Network virtualization promises to provide communications service providers with billions of dollars in upside through the fast delivery of new revenue-generating services and lower operational expenses. In order for that to happen, however, carriers need to deploy virtualized services that meet their customers’ expectations for reliability and cost.
They can do that by building their own solutions using open source components, or they can try to bring enterprise-class software platforms up to carrier standards.
But these two options can be tricky. And they typically take years to accomplish. In the meantime, carriers miss out on new revenue opportunities and potential savings.
Titanium Cloud provides fully integrated solutions that combine the control and the data plane, delivering compute, network and storage functions. Most importantly, it enables carriers to enjoy the benefits of network virtualization today.
“In theory, a company could go to the open source community or other vendors and get the individual software elements they need and do all the work necessary to combine and harden them,” said Charlie Ashton, Wind River’s senior director of business development for Software Defined Infrastructure. “But, in order to successfully complete the integration work and ultimately bring a carrier-grade solution to market probably would take at least three years. We can get them to a completed deployment in a couple of weeks.”
The Titanium Cloud portfolio includes Titanium Core, a network virtualization platform for large-scale applications, like service provider data centers, central offices, and points of presence involving multiple servers. Also under the Titanium Cloud umbrella is Titanium Edge, which addresses small-footprint access and edge applications. Between them, the two products address applications like IMS, mobile edge computing, radio access networks, session border controllers, and virtual customer premises equipment. (Wind River also provides a solution called Titanium Control, which is aimed at businesses with Industrial Internet of Things applications.)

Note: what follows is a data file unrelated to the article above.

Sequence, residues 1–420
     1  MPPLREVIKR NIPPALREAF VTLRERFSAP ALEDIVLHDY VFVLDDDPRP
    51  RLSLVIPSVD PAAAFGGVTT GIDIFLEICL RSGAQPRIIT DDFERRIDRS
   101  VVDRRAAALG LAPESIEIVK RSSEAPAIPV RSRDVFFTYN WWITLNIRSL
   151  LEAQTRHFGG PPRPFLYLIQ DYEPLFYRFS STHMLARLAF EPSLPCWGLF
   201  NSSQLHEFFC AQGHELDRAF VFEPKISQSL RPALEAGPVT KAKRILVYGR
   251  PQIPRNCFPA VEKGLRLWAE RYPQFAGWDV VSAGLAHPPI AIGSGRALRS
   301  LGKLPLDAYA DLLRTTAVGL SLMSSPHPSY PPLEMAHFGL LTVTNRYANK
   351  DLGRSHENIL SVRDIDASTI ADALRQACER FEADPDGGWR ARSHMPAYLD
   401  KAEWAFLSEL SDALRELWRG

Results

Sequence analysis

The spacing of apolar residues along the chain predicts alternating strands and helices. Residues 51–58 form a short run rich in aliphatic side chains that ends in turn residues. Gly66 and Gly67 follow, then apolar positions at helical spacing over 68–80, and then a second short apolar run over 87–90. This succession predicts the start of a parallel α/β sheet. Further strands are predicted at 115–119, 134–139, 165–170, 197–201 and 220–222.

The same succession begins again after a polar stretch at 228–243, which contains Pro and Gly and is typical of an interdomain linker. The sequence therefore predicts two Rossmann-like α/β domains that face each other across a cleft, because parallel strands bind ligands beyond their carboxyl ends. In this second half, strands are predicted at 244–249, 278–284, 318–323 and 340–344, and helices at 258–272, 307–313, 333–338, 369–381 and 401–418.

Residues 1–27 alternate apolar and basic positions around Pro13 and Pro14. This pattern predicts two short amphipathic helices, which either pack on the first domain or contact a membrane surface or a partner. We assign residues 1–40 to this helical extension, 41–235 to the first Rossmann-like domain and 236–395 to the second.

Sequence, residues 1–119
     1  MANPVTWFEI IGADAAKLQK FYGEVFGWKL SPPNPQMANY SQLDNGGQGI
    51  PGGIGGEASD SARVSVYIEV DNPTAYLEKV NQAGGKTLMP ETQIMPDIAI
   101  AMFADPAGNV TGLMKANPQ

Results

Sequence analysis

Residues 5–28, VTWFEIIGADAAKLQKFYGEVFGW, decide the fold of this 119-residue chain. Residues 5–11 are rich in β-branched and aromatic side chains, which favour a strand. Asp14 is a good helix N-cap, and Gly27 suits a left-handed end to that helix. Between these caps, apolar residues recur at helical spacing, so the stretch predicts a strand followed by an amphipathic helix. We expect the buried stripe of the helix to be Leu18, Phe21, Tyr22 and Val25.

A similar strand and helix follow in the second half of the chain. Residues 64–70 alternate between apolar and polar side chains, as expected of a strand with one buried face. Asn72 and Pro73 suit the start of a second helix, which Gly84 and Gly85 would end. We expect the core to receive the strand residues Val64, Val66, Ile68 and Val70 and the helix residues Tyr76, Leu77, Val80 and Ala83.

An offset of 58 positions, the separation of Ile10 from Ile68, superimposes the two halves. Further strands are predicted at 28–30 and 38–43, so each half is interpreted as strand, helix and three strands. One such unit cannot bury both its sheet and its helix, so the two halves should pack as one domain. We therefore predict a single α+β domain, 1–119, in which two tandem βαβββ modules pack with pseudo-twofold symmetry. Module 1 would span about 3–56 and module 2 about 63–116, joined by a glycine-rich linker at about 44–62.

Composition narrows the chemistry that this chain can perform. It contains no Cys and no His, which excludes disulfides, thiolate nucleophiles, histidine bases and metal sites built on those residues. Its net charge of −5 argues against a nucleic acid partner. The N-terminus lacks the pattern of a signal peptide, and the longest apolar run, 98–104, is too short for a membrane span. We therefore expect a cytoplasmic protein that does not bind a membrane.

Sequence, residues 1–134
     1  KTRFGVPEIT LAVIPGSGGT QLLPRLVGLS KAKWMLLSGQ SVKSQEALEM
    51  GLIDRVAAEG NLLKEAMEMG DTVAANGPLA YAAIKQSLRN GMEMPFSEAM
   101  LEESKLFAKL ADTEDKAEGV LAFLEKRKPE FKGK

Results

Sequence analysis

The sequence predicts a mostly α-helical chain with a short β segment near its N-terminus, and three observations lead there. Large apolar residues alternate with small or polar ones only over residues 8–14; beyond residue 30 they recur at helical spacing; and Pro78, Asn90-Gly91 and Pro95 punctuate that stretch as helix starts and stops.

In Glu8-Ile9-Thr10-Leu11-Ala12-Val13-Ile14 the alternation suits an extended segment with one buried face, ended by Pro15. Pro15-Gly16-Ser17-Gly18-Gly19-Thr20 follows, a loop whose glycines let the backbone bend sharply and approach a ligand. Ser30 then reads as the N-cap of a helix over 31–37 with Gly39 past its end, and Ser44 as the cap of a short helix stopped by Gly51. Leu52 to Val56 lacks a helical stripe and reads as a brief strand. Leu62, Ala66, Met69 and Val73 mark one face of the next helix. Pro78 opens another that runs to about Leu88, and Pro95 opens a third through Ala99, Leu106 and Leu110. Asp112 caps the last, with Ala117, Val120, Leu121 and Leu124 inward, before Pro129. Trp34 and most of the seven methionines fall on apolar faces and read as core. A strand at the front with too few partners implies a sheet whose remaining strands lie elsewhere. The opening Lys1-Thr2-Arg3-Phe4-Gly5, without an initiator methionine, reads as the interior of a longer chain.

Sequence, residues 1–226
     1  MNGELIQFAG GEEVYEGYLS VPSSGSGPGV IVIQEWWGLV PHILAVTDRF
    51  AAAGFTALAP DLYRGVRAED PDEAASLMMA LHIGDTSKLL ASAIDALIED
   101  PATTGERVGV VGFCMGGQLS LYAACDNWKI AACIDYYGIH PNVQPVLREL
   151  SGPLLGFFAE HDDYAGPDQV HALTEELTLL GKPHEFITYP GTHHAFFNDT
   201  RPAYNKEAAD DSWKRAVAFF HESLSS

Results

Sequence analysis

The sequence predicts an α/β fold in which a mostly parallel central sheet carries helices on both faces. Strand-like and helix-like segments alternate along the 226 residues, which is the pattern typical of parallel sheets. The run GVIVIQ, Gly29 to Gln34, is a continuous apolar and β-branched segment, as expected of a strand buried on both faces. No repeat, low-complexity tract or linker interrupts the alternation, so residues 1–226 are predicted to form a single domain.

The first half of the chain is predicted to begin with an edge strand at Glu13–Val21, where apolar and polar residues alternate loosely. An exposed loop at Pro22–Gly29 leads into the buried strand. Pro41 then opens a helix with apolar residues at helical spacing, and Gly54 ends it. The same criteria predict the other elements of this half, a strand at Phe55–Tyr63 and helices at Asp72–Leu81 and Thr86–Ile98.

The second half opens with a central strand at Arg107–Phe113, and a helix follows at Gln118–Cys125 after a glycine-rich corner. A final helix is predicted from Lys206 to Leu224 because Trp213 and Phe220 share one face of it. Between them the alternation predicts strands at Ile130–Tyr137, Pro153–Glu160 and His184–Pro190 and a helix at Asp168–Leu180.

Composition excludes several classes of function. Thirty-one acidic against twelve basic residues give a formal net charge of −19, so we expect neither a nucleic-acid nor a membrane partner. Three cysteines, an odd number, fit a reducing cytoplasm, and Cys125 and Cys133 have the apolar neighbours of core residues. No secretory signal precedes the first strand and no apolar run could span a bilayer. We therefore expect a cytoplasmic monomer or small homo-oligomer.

Titanium Cloud solves the following four key challenges carriers are facing as they move to virtualization:
Protecting and growing their top-line revenue,
Minimizing their operational costs,
Avoiding vendor lock-in, and
Increasing market share by deploying new services faster than their competitors.
As service providers move to virtualized infrastructure, they are concerned about the potential for downtime impacting the services that they deliver, Ashton noted. When services go down, it can hurt carrier reputations, result in customer churn, and rack up major penalties due to missed service level agreements. Ashton said SLA penalties alone can result in billions of dollars of losses over the course of a few years. But, he added, Titanium Cloud delivers high reliability to ensure that doesn’t happen.
“Our DNA is to provide embedded software for systems that just cannot tolerate failure,” said Ashton.
Technology from Wind River, which was established in the 1980s, is used by major companies in the aerospace and defense, automotive, industrial, medical, and networking verticals. In fact, the company’s software helps power the Mars Rover.
Wind River, now a subsidiary of Intel (News - Alert), also helps carriers minimize their operational costs. Titanium Cloud does that by making it supremely simple to install and upgrade the network cloud, avoiding downtime in the process. It also maximizes the number of subscribers carriers can support per physical server, by optimizing the utilization of their processor resources.
Avoiding vendor lock-in was one of the key reasons the carriers gave for pursuing network virtualization in the first place. Titanium Cloud addresses that too.
That’s in part because Titanium Cloud is based on open source technology and open standards. The platform uses a Linux operating system, leverages OpenStack for virtual machine orchestration, KVM as a hypervisor, and Ceph for storage. None of these technologies by themselves deliver the uptime and security needed for carrier deployments, Ashton said. But, Wind River takes the latest versions of these software packages, hardens them, validates the patches they’ve developed, and delivers them upstream back to the community. Wind River also works with the developer community so it can better understand the needs of telecom users.
Wind River also has brought together an expansive ecosystem of technology partners with which its platform is interoperable and optimized. The Titanium Cloud ecosystem includes more than 40 partner companies, including such suppliers as ADVA Optical Networking (News - Alert), Ciena, Dell EMC, F5, GENBAND, HPE, Huawei, Mellanox Technologies, Nokia, Sonus, and many others.
And Titanium Cloud accelerates time to market. That means carriers can move to virtualized platforms quickly, so they get a jump on their competitors and can reap the rewards as soon as possible.
For more information on Titanium Cloud, visit https://www.windriver.com/products/titanium-cloud/
Edited by Erik Linask